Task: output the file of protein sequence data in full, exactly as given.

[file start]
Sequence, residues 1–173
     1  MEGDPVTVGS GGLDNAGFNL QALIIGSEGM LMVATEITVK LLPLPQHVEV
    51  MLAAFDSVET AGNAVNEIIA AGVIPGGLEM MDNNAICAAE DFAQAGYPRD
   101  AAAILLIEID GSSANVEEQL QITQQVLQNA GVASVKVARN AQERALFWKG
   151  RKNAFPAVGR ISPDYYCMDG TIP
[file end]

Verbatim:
Sequence, residues 1–173
     1  MEGDPVTVGS GGLDNAGFNL QALIIGSEGM LMVATEITVK LLPLPQHVEV
    51  MLAAFDSVET AGNAVNEIIA AGVIPGGLEM MDNNAICAAE DFAQAGYPRD
   101  AAAILLIEID GSSANVEEQL QITQQVLQNA GVASVKVARN AQERALFWKG
   151  RKNAFPAVGR ISPDYYCMDG TIP